Governments should set domestic and international targets to combat drought, desertification and land degradation, a panel of experts has advised a UN meeting.
The call came at the conclusion of a two day session of the UN’s Convention to Combat Desertification (UNCCD), the agency charged with restoring poor soils and tackling drought.
During the Rio+20 summit last year it committed to targeting a land degradation neutral world. Attention will now turn to devising policies that can achieve this goal during its formal summit in Namibia this September.
“We need to make sure that the ambitious vision of a land-degradation neutral world does not remain a platitude,” said UNCCD Executive Secretary Luc Gnacadja, “but is translated into action supported and encouraged by operational and deliverable targets on the national, regional and international levels.”
The meeting concluded that the best way to ensure this is to build a framework of targets and indicators.
“Experts at this meeting agreed that UNCCD should move to a target-setting approach to measure impact on the ground,” added Gnacadja. “We are ready to take this recommendation forward and to assist countries in making the paradigm shift in land stewardship from a degrade-abandon-migrate to a protect-sustain-restore approach.”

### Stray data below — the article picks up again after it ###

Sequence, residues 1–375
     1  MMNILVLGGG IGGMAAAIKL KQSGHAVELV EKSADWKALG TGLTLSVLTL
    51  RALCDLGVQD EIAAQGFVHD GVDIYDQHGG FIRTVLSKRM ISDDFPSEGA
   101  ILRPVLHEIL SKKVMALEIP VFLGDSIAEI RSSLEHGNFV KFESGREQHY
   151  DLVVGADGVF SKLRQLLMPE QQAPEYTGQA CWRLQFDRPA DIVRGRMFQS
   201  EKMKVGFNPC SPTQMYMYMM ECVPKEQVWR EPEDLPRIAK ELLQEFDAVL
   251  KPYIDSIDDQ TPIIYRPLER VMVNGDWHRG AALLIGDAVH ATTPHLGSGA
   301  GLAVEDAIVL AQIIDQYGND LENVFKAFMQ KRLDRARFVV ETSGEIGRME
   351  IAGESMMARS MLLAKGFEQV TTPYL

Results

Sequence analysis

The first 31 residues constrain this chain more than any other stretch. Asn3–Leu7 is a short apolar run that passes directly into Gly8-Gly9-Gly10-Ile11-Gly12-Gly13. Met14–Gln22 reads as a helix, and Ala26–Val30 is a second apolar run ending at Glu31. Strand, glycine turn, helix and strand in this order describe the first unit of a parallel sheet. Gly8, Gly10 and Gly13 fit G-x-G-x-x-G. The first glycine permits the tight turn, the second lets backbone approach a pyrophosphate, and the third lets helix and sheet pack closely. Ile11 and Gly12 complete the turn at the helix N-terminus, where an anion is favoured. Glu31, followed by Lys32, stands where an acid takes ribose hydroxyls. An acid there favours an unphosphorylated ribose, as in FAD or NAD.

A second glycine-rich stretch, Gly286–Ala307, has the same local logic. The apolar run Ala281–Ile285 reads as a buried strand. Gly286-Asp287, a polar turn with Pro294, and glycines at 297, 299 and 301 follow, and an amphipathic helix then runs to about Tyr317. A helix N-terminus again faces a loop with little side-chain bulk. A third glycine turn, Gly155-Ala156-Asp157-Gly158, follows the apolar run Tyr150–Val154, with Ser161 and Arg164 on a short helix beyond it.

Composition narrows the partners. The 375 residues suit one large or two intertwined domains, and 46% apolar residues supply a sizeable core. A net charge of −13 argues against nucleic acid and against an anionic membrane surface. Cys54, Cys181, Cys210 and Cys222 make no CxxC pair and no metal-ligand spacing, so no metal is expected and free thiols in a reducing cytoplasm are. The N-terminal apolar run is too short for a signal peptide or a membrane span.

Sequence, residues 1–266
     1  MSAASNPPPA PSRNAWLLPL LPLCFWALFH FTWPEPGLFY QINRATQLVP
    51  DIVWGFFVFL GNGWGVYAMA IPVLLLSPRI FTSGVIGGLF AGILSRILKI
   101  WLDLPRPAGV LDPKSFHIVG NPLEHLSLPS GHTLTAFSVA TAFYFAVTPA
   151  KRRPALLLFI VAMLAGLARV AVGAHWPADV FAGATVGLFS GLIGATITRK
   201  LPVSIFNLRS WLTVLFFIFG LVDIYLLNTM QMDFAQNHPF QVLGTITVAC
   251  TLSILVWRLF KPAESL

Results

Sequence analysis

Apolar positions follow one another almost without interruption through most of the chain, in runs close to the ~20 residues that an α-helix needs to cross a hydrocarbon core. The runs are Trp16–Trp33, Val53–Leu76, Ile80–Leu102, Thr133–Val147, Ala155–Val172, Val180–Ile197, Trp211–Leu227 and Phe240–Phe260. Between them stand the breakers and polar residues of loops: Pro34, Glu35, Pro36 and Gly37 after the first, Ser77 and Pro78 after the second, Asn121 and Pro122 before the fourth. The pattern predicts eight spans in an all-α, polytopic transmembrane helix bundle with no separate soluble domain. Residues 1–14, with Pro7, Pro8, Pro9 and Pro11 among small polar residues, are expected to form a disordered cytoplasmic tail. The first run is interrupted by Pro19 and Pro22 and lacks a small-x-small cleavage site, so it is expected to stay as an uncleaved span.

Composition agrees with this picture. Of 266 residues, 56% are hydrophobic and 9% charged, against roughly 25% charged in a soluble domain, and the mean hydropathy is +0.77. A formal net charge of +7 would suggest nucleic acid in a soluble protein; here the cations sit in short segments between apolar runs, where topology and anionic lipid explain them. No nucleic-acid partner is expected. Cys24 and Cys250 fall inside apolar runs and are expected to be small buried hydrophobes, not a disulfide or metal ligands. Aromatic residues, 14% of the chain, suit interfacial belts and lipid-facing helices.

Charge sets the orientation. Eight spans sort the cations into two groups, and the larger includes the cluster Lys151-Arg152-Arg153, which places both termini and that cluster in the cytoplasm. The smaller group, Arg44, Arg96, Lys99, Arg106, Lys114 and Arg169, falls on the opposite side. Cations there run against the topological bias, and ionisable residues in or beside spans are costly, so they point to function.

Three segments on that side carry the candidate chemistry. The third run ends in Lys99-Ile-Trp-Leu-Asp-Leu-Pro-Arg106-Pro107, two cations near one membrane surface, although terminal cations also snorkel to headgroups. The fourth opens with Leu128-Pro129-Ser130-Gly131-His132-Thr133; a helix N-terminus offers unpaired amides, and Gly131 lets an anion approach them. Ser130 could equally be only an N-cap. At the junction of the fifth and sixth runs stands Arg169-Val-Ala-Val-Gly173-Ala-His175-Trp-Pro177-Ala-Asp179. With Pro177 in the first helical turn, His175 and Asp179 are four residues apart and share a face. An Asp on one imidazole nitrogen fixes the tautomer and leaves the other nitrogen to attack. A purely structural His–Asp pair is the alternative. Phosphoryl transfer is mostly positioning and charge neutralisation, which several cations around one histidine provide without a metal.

UN secretary general Ban Ki-moon last month called on governments to do more to combat drought.
Land quality affects access to water, food security, biodiversity and local economies. Healthy soils capable of supporting vegetation also boost climate mitigation and in some instances can reduce the impacts of shifting climate patterns.
“The successful experience of a series of national forest plans in South Korea, first launched in the early 1970s, proves that rehabilitating land leads to economic growth. Today, forests cover 64% of our country and we are eager to share this experience with the world,” said Dr. Won Sop Shin Minister of Korea’s Forest Service.
Climate change has exacerbated drought conditions for many by making rainfall patterns more variable. The impact on soils, themselves an important carbon sink, and their inability to support vegetation in turn increases the concentration of CO2 in the atmosphere.
Australia is the only country in the world with a formal drought strategy.